NZ to lead international greenhouse gas research
27 November 2007 Media Statement
NZ to lead international research into greenhouse gas emissions from livestock
New Zealand is to lead an international network to research greenhouse gas emissions from livestock, Agriculture Minister Jim Anderton and Climate Change Minister David Parker announced today.
“This work will reinforce the sustainability of our agriculture and forestry products internationally. The Labour-Progressive government is confident that New Zealand has the talent and the will to be an international leader in the response to climate change," Jim Anderton said.
David Parker says the Livestock Emissions and Abatement Research Network (LEARN) will focus strongly on research. “There may also be scope to evolve the network to provide opportunities for partnerships between industry and policy in the future.”
The aim of LEARN is for international researchers to collaborate to better measure greenhouse gas emissions from livestock. The network will also help develop cost-effective and practical means to reduce these emissions. It will focus on sharing information, facilitating discussion and promoting face-to-face contact between researchers around the world.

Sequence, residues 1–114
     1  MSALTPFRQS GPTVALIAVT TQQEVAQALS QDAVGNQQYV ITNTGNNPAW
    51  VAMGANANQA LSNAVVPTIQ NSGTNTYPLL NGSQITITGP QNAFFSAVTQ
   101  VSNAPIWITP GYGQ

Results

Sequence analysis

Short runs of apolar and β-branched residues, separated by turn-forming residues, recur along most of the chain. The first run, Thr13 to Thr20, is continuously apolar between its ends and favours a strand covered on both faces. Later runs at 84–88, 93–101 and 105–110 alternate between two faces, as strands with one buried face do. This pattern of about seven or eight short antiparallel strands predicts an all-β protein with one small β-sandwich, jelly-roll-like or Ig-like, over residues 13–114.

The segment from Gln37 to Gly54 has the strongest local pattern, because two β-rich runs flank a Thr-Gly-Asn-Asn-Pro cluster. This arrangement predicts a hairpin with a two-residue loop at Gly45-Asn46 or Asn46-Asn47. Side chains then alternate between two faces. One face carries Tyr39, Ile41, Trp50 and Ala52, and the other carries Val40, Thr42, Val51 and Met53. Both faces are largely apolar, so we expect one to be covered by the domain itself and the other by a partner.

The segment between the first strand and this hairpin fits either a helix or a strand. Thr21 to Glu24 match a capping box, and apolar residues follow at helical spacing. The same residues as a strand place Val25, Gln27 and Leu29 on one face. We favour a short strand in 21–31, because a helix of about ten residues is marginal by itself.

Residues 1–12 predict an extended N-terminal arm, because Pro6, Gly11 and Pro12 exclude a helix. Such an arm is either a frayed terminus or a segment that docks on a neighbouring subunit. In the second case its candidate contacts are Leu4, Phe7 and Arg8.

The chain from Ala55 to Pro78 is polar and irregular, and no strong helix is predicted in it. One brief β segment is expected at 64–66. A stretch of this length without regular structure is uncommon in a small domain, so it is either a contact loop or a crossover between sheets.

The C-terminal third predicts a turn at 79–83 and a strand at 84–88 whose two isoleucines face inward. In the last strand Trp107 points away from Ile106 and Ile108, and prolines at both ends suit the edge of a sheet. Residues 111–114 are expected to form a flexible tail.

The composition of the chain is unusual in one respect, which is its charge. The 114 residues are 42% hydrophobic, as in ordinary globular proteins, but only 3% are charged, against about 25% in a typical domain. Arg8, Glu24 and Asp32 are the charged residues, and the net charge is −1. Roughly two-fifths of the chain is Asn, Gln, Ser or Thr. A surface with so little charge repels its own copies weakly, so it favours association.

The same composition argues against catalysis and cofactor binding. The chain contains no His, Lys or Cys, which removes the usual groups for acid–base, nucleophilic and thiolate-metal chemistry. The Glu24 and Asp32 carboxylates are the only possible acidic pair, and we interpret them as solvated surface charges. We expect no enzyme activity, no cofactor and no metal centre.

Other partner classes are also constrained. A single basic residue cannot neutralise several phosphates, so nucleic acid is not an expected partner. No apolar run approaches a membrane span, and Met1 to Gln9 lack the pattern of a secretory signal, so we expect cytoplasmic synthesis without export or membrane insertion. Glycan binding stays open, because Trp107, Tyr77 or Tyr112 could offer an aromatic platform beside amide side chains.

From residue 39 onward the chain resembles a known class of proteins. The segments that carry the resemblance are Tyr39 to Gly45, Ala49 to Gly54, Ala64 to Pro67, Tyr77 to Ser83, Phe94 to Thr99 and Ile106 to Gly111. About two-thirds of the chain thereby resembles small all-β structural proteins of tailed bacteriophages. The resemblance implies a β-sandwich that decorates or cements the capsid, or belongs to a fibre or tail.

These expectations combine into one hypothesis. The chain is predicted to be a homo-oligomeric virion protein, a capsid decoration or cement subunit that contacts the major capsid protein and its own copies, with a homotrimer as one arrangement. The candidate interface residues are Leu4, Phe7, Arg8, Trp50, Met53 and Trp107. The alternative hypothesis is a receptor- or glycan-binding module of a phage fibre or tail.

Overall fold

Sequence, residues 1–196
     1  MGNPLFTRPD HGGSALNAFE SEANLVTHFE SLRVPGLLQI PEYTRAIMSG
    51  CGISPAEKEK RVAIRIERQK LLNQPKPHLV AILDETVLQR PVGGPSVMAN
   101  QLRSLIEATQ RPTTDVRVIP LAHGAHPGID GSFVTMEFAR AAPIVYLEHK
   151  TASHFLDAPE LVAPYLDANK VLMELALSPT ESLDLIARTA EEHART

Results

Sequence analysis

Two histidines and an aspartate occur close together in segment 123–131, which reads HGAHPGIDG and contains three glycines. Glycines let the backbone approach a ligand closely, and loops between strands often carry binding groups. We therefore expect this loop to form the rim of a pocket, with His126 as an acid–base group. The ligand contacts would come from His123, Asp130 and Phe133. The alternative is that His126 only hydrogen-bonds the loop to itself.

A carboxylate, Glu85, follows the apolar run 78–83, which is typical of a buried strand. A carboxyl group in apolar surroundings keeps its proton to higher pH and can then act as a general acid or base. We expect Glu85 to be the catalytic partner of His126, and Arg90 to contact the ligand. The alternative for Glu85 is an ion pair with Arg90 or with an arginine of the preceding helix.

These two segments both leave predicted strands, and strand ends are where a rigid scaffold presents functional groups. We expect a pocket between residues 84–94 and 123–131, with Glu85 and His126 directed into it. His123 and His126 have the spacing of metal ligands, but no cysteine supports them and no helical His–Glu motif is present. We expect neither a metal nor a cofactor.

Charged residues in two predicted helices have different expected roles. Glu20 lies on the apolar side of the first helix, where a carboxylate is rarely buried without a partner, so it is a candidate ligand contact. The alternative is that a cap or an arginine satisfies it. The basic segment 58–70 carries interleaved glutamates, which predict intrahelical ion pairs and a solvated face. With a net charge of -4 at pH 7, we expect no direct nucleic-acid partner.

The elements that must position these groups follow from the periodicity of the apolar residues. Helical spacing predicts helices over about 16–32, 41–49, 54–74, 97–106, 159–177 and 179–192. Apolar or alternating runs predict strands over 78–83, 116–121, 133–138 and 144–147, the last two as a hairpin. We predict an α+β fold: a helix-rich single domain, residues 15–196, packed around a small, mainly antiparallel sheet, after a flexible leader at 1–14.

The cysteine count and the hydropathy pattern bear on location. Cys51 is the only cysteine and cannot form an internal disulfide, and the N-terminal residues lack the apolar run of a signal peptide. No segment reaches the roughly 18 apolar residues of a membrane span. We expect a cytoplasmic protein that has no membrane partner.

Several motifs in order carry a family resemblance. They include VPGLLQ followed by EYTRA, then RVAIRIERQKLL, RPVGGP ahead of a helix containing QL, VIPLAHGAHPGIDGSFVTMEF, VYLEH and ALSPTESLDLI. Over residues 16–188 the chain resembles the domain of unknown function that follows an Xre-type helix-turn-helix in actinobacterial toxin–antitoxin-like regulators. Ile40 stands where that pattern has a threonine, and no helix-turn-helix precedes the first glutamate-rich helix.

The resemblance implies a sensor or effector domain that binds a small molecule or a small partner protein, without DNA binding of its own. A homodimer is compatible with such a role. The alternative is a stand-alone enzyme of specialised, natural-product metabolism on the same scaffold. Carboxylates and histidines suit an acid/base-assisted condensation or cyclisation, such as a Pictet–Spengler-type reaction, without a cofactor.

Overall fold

LEARN proposes to cover research into methane emissions from ruminant livestock, nitrous oxide emissions from grazed grassland, an integrated approach to reducing emissions across an entire farm, and a national inventory of agricultural emissions.
The Ministers say a number of countries are interested in LEARN and it is clear there is desire for greater international collaboration in this important area of research. The government is keen to encourage stronger links between New Zealand and international research.
New Zealand has committed funding
to support LEARN and is seeking feedback and expressions of
interest from countries in participating in this initiative.
The idea for the network was raised at side events on agriculture and land use at the United Nation Framework Convention on Climate Change meeting held in Bonn in May this year.
The inaugural LEARN meeting will be held in Christchurch on 1 December and researchers and government officials from up to 25 countries are expected to attend.